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What is an Internal Medicine Physician, or Internist?

I.M. the cornerstone of comprehensive health care

Discover the unique leadership roles, career pathways and impact of internal medicine physicians.

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Internal Medicine physicians are experts in complexity. They see every connection in the adult human body. Internal Medicine Physicians serve, and lead, in many diverse roles and settings. They are critical thinkers who thrive in uncertainty and excel in the most challenging and dynamic environments, and care for patients throughout their health care journey. Their expertise makes them vital to both patients and medical professionals.

Internal medicine physicians are specialists who apply scientific knowledge and clinical expertise to the diagnosis, treatment, and compassionate care of adults across the spectrum from health to complex illness. They are especially well trained in the diagnosis of puzzling medical problems, in the ongoing care of chronic illnesses, and in caring for patients with more than one disease. Internal medicine physicians also specialize in health promotion and disease prevention.

Internal medicine physicians can be called "internists," "general internists," and "doctors of internal medicine." They are not, however, "interns," who are doctors in their first year of residency training.

Internal Medicine physicians routinely see patients with chronic conditions such as heart disease, hypertension, diabetes, obesity, and pulmonary disease. Often, other medical professionals call upon Internal Medicine Physicians for their ability to connect the dots, help solve problems, and identify solutions.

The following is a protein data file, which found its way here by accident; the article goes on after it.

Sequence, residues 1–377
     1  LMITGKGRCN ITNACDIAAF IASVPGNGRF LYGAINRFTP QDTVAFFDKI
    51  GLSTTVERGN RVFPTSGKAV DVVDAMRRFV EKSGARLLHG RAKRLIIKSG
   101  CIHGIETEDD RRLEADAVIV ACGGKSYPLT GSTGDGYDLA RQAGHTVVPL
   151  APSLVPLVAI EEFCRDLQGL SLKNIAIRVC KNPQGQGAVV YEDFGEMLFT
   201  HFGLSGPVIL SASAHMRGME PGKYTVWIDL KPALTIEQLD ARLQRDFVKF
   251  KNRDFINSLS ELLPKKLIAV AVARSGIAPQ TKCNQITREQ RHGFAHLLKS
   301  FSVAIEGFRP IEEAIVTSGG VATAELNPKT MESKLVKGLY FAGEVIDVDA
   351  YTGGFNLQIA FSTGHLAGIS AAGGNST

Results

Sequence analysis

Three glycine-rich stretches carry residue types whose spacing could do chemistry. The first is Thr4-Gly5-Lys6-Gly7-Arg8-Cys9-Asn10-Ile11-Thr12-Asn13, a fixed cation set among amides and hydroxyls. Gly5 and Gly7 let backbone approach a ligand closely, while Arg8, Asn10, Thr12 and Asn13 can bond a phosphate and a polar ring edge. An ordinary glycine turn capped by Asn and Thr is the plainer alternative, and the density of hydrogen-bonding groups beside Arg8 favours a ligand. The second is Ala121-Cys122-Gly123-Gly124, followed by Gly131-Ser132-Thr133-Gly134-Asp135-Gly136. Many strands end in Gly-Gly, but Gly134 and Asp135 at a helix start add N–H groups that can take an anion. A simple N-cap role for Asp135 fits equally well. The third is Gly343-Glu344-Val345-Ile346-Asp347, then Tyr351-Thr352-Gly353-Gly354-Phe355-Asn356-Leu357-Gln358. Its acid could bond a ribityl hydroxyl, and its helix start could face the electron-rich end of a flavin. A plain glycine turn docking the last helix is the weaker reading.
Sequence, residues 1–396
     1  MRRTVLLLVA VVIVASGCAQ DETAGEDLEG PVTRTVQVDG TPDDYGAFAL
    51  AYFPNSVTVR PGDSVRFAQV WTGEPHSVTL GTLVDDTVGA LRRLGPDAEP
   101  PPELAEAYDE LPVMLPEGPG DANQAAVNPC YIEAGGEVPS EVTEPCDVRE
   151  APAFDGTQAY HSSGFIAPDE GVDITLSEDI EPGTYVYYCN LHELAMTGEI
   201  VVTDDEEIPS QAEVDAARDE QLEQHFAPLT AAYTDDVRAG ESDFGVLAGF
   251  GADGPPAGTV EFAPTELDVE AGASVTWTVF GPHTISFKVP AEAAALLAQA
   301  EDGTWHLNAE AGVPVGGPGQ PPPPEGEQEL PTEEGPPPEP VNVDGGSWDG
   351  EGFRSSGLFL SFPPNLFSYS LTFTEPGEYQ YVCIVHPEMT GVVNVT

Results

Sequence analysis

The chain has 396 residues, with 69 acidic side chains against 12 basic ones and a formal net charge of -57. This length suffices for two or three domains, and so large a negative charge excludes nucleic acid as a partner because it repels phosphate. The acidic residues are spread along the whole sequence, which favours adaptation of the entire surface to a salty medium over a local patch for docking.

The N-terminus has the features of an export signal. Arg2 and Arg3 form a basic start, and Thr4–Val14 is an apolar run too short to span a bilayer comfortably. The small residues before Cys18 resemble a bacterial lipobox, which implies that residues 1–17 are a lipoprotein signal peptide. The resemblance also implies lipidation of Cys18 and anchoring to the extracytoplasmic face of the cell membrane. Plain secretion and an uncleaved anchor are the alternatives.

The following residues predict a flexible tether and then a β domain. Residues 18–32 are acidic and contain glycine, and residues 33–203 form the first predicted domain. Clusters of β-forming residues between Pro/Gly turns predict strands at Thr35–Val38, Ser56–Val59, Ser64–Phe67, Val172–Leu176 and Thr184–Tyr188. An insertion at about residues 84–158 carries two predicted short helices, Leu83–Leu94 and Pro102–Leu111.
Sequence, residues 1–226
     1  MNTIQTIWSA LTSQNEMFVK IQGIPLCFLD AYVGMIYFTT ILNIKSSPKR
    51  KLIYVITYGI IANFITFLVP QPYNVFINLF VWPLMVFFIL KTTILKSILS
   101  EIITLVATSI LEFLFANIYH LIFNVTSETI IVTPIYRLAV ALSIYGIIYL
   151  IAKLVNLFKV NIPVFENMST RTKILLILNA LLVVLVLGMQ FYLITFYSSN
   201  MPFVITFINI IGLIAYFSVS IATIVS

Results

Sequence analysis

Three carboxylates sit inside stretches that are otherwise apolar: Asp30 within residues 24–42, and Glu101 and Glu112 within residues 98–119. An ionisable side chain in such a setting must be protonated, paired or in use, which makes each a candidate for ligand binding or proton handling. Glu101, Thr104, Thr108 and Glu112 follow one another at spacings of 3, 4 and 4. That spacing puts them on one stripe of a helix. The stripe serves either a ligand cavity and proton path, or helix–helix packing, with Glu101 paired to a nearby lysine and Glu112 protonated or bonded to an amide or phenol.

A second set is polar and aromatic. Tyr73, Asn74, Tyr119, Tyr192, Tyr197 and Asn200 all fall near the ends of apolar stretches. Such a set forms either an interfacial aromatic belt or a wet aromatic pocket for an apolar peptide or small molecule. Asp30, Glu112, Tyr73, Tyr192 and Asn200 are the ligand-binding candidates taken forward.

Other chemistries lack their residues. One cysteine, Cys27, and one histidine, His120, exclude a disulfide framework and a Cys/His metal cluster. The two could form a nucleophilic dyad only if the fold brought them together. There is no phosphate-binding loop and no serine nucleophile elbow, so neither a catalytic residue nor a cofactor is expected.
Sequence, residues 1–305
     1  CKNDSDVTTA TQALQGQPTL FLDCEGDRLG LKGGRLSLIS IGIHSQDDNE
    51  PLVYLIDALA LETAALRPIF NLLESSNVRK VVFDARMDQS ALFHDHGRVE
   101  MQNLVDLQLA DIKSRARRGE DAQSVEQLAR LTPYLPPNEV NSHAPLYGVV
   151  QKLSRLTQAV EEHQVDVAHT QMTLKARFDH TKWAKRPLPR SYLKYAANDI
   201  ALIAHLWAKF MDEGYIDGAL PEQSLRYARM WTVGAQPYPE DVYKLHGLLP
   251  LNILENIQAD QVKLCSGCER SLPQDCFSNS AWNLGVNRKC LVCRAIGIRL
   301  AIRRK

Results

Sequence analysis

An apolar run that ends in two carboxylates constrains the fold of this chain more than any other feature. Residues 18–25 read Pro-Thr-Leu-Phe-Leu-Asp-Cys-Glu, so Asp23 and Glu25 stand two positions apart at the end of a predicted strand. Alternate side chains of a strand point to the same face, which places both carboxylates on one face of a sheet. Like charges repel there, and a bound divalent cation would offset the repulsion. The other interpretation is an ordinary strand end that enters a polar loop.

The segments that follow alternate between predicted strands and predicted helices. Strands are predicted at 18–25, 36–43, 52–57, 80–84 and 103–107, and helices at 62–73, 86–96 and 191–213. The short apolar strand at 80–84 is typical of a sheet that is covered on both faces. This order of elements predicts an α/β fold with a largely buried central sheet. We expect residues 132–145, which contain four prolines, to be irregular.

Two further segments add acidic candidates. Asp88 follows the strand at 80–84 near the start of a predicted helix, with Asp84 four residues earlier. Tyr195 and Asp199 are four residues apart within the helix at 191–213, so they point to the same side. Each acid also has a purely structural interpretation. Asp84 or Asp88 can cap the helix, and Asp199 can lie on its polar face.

To become an internal medicine physician, a graduate of a four-year medical school must complete a residency in internal medicine, which usually lasts three years. Once general internal medicine residency training is complete, a physician may begin to practice internal medicine, or an internal medicine physician may then choose to subspecialize in a particular area of internal medicine, for example, cardiology or infectious diseases. Subspecialty training, called fellowship, calls for two to three years of additional training.

Most general internal medicine physicians provide care for their patients in an ambulatory setting (office or outpatient), and may also follow their patients when hospitalized (inpatient setting). Other internal medicine physicians are known as “hospitalists” and care for patients only in the hospital.

The term internal medicine comes from the German term innere medizin, popularized in Germany in the late 19th century to describe physicians who combined the science of the laboratory with the care of patients. Many early 20th century American doctors studied medicine in Germany and brought this medical field to the United States. Thus, the name "internal medicine" was adopted.